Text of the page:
7 Reasons That Match of the Day 2 is Better Than Match of the Day
1. Gary Lineker. Unlike many people, I don’t mind Gary Lineker; he’s knowledgable, charming and his ad-libs are great. In an incident during a live match, when someone in the crowd hurled a coin at Jamie Carragher, the cameras showed Carragher picking the coin up and forcefully throwing it back. “It’s probably his change,” Lineker drolly observed. The problem I have with watching Gary Lineker for more than ten minutes is that I start to crave crisps. Speaking of which:
2. Adrian Chiles. Part-man, part-potato, Adrian Chiles is the television presenter equivalent of Marmite. I like him. I love the seemingly limitless supply of daft questions that he uses to torment Lee Dixon:
“Did Ian Wright ever borrow your shorts, Lee?”
“Did Tony Adams kiss you like that when you scored a goal, Lee?”
“Did you ever get the ball mixed up with a balloon, Lee?”
“Did they celebrate like that in your day, Lee?”
Some people can’t stand him though. Stewart Lee likened watching him to “… being stuck in the buffet car of a slow-moving train with a Toby jug that has miraculously discovered the power of speech…A Toby jug filled to the brim with hot piss.”
I’m firmly in the I-like-Adrian-Chiles-camp and I even miss his much-criticised beard. Anyone interested in starting a campaign to bring it back?
3. Alan Shearer. Alan Shearer is the dullest man in the world. He’s always on Match of the Day where he provides no tactical insight and no wit. Essentially, he just states the bleeding-obvious in a really dull way. Here’s a Shoot magazine interview with him from 1991 (click on it to see it full-sized):
4. Whooshing. Both MOTD and MOTD2 suffer from this. Seriously, could the sound effects that accompany the opening titles be more ridiculous? At the end of the title sequence, there’s about thirty seconds of whooshing noises, for no reason. Why? Stupid pointless bloody whooshy noises! MOTD2 wins here as I’m quite busy on Sundays and I usually manage to miss the first couple of minutes of it.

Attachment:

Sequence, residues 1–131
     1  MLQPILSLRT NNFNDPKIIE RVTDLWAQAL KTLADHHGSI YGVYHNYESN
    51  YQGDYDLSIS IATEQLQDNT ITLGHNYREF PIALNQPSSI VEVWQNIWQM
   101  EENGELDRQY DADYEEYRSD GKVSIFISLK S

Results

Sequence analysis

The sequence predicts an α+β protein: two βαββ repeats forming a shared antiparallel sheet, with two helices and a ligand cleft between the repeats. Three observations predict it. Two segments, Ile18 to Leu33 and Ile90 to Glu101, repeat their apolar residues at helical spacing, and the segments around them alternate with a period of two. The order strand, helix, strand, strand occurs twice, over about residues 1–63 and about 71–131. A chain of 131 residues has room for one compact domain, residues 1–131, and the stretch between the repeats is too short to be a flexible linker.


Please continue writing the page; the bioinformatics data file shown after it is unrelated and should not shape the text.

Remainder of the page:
5. Kevin Day. While MOTD is serious and analytical, MOTD2 is a more light-hearted and jovial affair. The most obvious manifestation of this is the presence of former comedian Kevin Day. His role is that of the travelling buffoon, turning up at a different ground every week to mock daft supporters, eat pies and generally annoy the clubs’ staff. I want his job: I can mock and annoy, I can eat pies. My football team is crap too. And I’m cheaper.
6. Keown. Martin Keown often appears on MOTD2. Martin Keown is the scariest man alive, scarier even that Sebastien Chabal. When he’s on screen I find myself trying to slide down the sofa and hide behind the coffee table. Conversations with my wife tend to go like this during MOTD2:
“Are you scared of Martin Keown, darling?”
It doesn’t matter who asks the question. We’re both afraid of Martin Keown. He mostly appears on MOTD2, so even if I didn’t believe it, I’d tell you that MOTD2 was better. Otherwise he might beat me to death with a rock. Or discover fire and burn an effigy of me in his cave. While grunting, possibly.
7. Finale. The denouement of MOTD2 and, often, the highlight of Sunday is 2 Good 2 Bad, and it’s obviously the part of the show that Chiles relishes too. This means that Match of the Day 2 ends on a high. Match of the Day doesn’t though, it ends with the knowledge that if you don’t get off the sofa soon, you’ll have to watch the awful title sequence for the Football League show, featuring chirpy-cheeky football fans having a knees-up, and then watch Manish – apparently lost – wandering aimlessy around the studio introducing the show. Why can’t he just stand still? He’s been doing it for almost a season, why doesn’t he know where to stand yet?